Alberta posts 'record-breaking' $11.6 billion surplus for 2022/23, paid down $13.3 billion in debt

Last fiscal year, government revenues came in at $76.1 billion — $13.5 billion more than expected — due to non-renewable resource and tax revenues.

Alberta posts 'record-breaking' $11.6 billion surplus for 2022/23, paid down $13.3 billion in debt
Facebook/ Danielle Smith
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According to the year-end fiscal update, Alberta enjoyed a record $11.6-billion surplus for 2022/23 — thanks to high oil and gas prices, record production, and increasing resource royalties.

"It's an indication of the progress we've made in securing Alberta's finances," Finance Minister Nate Horner told reporters.

Last February 24, former finance minister Travis Toews only projected a $511 million surplus — the first projected surplus since 2014/15. Budget 2022 also forecast a West Texas Intermediate (WTI) of US$70 per barrel last fiscal year, though the average price hit $89.69 per barrel. 

In 2022/23, government revenues came in at $76.1 billion — $13.5 billion more than expected — due to non-renewable resource and tax revenues. The province ultimately procured $25.2 billion in non-renewable resource revenue.

Furthermore, the government took in more corporate and personal income taxes than expected: $8.2 billion in corporate income tax, $4.1 billion more than estimated in Budget 2022, and $13.9 billion in personal income tax, $543 million more than estimated.

"We promised to keep our economy moving forward, and Alberta is reaping the benefits," said Horner. The $11.6 billion surplus exceeded third-quarter estimates of $10.4 billion, which he lauded as a "positive."

As a result, the UCP spent $64.5 billion — $2.4 billion more than budgeted — on higher-than-expected healthcare costs and $2.9 billion in affordability measures to ease the impacts of inflation. These measures included $1.1 billion in suspending its gas tax and $304 million on re-indexing personal income taxes to inflation.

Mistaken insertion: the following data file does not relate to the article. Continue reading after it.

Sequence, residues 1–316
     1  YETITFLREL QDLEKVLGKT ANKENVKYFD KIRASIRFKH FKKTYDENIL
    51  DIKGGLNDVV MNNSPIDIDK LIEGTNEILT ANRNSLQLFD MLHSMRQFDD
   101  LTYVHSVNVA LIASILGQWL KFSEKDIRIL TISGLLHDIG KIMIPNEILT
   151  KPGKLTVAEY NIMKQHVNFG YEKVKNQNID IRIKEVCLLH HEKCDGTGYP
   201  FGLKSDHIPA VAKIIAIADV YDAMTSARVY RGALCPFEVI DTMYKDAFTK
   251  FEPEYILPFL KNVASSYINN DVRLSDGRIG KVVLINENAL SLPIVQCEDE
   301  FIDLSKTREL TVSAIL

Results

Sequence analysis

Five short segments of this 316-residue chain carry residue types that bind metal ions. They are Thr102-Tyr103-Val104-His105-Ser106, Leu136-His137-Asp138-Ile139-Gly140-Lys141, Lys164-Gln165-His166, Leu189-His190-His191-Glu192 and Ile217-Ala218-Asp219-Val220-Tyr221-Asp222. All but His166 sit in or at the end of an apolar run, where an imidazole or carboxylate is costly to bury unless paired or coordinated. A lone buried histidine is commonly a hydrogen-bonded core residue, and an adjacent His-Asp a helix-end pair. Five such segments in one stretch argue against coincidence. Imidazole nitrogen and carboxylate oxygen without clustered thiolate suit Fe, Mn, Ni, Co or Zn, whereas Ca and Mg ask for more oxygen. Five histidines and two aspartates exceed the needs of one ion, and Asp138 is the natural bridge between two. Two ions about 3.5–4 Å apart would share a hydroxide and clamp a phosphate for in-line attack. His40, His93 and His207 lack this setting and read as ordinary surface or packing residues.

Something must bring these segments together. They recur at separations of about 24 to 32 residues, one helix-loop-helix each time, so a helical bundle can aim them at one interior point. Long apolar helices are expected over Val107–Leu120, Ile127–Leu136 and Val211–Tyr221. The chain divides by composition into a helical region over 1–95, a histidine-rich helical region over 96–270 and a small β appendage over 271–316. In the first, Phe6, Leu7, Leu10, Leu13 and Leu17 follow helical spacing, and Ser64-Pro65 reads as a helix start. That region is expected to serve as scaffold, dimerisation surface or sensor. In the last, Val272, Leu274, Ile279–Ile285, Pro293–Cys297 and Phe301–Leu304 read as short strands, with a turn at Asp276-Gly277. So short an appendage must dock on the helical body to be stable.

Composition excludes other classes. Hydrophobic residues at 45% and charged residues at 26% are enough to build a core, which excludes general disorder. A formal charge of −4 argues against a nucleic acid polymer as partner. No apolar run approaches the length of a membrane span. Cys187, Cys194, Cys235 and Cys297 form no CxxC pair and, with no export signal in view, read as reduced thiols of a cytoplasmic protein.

Other measures include $644 million into electricity rebates, $441 million for affordability cheques to seniors and families with children, and $51 million to reverse the de-indexing of benefits like Assured Income for the Severely Handicapped (AISH).

"Albertans can rest easy knowing that Alberta's prosperity today means more stability tomorrow as we continue to pay down debt and save for the future," said Horner, who acknowledged the province's strong financial situation allowed it to pay down $13.3 billion in debt.

The province also grew the Alberta Heritage Savings Trust Fund by $2.5 billion to $21.2 billion.

The Canadian Taxpayers Federation (CTF) applauded the Alberta government for staying on track to balance the budget and pay down the debt in response to the year-end fiscal update.

"When Alberta delivers balanced budgets and pays down its debt, that signals that we are a good province to do business with, boosting our credit ratings and attracting people and investment," said Kris Sims, Alberta Director of the CTF. "By paying down the debt, Albertans will pay less in debt interest payments faster, saving taxpayers' money."

According to the Fraser Institute, the total expenditure on interest costs ($6.7 billion) exceeds what the province spent on physicians for 2022/23.

"Interest must be paid on government debt, and the more money governments spend on interest payments, the less money is available for the programs and services that matter to Canadians," said Jake Fuss, associate director of fiscal studies at the Fraser Institute.

In recent years, deficit spending and grow­ing government debt have become a trend for many Canadian provinces. Alberta went from being the only province with more assets than debt in 2007/08 to having the fastest-growing provincial debt burden last decade. 

Now, the province has become an exception to the rule.

"The government's recent surpluses have allowed Alberta to return to being the lowest-debt province in Canada — a sharp contrast to roughly a decade of chronic deficits that previously plagued the province and left a mountain of debt," continued Fuss.

Owing to successive budgetary surpluses, Alberta's provincial net debt (inflation-adjusted) declined from $65.7 billion to $46.0 billion from 2020/21 to 2022/23 — a 30.0% drop. On a per-person basis, Alberta's provincial debt burden now stands at $10,131 — the lowest among the provinces. 

"Alberta is back to enjoying the lowest debt burden of any province, but the provincial government must restrain spending and continue balancing budgets in the years ahead to avoid another surge in debt," said Fuss.

"It's important [we] understand the magnitude of the country's combined government debt because deficits and debt today result in higher taxes in the future."

Since 2007/08, combined federal and provincial net debt (inflation-adjusted) has roughly doubled from $1.1 trillion to a projected $2.1 trillion in 2022/23, imposing actual costs on Canadian taxpayers through interest payments.

A Fraser Institute study found taxpayers owed $68.6 billion in interest payments for federal and provincial debt last year. On a per-person basis, the combined provincial and federal debt for Albertans last fiscal year stood at $42,915. 

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  • By Ezra Levant

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